• Good for the heart and blood pressure

    Heart failure is often characterized by the heart’s muscles losing their ability to properly contract due to an energy depletion associated with low CoQ10 levels. Many studies show supplementing CoQ10 to patients with cardiovascular problems can improve their quality of life and even reduce their symptoms significantly.[12] [13]

     

    People who have insufficient blood flow and high oxidative stress can see their blood flow increase again though CoQ10 supplementation.[14] [15] There also appears to be a minor reduction in blood pressure.[16]

     

    Research Score: Strong

  • May reduce inflammation

    A 2017 meta-analysis showed CoQ10 can have a minor anti-inflammatory effect, [17] especially in people with metabolic diseases like obesity.[18]

     

    Research Score: Mixed

  • May help with fertility

    Requires more evidence to assess potency, but it does appear to reliably increase seminal motility.[19] Seminal motility is an aspect of fertility, and refers to the ability of sperm cells to move in medium (and in the womb). Increasing sperm motility can improve fertility in men who are otherwise infertile.

  • References

    1.

    https://tinyurl.com/y3ve9u6c

     

    2. Cooke M, Iosia M, Buford T, et al. Effects of acute and 14-day coenzyme Q10 supplementation on exercise performance in both trained and untrained individuals. Journal of the International Society of Sports Nutrition. 2008;5:8. doi:10.1186/1550-2783-5-8.

     

    3.

    https://tinyurl.com/y568fgpu

     

    4.

    https://tinyurl.com/y32ox4v9

     

    5.

    https://tinyurl.com/y46ovcn5

     

    6. Garrido-Maraver J, Cordero MD, Oropesa-Ávila M, et al. Coenzyme Q10 Therapy. Molecular Syndromology. 2014;5(3-4):187-197. doi:10.1159/000360101.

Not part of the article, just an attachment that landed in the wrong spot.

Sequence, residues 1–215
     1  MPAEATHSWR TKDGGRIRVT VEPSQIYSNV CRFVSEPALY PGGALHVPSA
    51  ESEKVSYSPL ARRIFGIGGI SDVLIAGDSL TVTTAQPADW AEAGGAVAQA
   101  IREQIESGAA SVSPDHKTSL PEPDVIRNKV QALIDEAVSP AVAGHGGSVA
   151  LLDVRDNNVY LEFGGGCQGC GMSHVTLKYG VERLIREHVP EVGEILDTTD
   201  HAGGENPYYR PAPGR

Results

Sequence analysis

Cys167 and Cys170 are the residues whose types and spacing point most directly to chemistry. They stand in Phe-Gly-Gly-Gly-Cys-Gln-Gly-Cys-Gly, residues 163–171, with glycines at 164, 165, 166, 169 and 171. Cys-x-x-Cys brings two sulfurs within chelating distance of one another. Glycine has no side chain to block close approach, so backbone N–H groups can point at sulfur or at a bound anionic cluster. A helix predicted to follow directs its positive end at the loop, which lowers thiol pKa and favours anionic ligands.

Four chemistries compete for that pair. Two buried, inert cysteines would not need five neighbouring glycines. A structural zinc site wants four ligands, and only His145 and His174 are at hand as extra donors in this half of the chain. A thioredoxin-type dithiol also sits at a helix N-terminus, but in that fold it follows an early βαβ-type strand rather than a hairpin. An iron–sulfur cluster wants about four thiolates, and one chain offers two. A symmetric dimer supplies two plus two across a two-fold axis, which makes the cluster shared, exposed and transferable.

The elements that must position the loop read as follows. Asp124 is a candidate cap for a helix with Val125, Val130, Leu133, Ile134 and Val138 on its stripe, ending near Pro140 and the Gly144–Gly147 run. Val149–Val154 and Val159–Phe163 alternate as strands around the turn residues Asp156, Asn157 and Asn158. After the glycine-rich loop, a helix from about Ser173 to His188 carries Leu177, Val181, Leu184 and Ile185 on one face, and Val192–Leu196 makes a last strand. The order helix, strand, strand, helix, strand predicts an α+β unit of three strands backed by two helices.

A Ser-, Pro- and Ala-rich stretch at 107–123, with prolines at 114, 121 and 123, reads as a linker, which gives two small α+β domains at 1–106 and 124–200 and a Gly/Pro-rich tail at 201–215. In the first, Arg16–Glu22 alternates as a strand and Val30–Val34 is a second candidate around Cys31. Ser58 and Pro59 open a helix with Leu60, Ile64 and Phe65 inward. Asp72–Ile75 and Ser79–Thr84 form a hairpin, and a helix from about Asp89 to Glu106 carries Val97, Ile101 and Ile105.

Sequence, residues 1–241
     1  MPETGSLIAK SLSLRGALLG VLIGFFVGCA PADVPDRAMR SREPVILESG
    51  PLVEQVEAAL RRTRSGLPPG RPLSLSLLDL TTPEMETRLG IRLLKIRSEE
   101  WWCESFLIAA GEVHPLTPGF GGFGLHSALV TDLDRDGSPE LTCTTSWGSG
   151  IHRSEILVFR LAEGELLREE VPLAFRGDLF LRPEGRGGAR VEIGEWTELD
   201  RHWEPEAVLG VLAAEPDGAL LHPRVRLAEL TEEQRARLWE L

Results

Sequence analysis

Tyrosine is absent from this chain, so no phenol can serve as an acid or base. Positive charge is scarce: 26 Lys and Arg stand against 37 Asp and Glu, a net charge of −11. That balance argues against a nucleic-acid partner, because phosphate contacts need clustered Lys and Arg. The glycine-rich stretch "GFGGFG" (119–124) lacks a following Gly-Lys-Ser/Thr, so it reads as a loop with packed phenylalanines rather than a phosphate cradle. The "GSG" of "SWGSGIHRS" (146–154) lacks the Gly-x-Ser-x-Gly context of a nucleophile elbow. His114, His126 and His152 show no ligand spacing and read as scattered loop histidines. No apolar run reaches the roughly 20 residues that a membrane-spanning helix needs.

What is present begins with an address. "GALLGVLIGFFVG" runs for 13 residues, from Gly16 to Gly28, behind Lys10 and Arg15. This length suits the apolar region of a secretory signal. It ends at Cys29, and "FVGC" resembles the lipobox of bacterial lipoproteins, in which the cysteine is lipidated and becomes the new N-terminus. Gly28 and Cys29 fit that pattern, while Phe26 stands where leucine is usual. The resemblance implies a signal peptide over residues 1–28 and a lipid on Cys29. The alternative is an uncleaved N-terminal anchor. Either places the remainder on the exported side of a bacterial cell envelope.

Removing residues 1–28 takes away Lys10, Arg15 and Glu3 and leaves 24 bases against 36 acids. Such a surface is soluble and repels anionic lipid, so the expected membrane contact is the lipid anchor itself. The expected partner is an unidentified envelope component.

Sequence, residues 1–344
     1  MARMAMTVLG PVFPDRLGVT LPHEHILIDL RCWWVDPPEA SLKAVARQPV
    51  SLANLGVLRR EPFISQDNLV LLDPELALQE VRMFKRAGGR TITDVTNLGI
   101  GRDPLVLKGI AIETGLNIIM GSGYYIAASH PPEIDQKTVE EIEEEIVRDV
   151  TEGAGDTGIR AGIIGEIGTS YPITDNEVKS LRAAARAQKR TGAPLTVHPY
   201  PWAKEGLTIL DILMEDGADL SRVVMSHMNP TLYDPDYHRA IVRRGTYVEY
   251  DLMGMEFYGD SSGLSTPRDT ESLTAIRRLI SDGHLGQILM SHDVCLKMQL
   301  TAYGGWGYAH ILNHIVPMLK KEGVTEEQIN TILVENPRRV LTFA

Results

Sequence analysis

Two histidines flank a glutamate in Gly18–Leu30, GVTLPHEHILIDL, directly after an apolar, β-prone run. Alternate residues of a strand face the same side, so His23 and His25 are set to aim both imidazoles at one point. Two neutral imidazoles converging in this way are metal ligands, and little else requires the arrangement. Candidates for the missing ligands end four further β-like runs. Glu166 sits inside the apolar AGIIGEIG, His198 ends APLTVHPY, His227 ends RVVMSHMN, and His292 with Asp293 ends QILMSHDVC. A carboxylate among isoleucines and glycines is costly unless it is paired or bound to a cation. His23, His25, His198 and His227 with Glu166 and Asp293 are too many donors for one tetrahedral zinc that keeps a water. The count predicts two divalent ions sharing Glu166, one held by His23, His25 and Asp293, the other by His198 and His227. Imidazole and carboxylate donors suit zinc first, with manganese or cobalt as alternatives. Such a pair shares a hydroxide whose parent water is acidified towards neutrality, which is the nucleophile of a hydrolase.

7.

    https://tinyurl.com/yxtw5x34

     

    8.

    https://tinyurl.com/y32ox4v9

     

    9.

    https://tinyurl.com/y4hg28xq

     

    10. Cordero MD, Alcocer-gómez E, De miguel M, et al. Coenzyme Q(10): a novel therapeutic approach for Fibromyalgia? case series with 5 patients. Mitochondrion. 2011;11(4):623-5.

     

    11.

    https://tinyurl.com/yyqrj2hd

     

    12. Folkers K, Wolaniuk J, Simonsen R, Morishita M, Vadhanavikit S. Biochemical rationale and the cardiac response of patients with muscle disease to therapy with coenzyme Q10. Proceedings of the National Academy of Sciences of the United States of America. 1985;82(13):4513-4516.

     

    13. Littarru GP, Tiano L. Bioenergetic and antioxidant properties of coenzyme Q10: recent developments. Mol Biotechnol. 2007;37(1):31-7.

     

    14.

    https://tinyurl.com/y2ccec9c

     

    15.

    https://tinyurl.com/yydbrfy5

     

    16.

    https://tinyurl.com/y4mb3g89

     

    17.

    https://tinyurl.com/yxumqh46

     

    18. Zhai J, Bo Y, Lu Y, Liu C, Zhang L. Effects of Coenzyme Q10 on Markers of Inflammation: A Systematic Review and Meta-Analysis. López Lluch G, ed. PLoS ONE. 2017;12(1):e0170172. doi:10.1371/journal.pone.0170172.

     

     

    19.

    https://tinyurl.com/y65ccrrg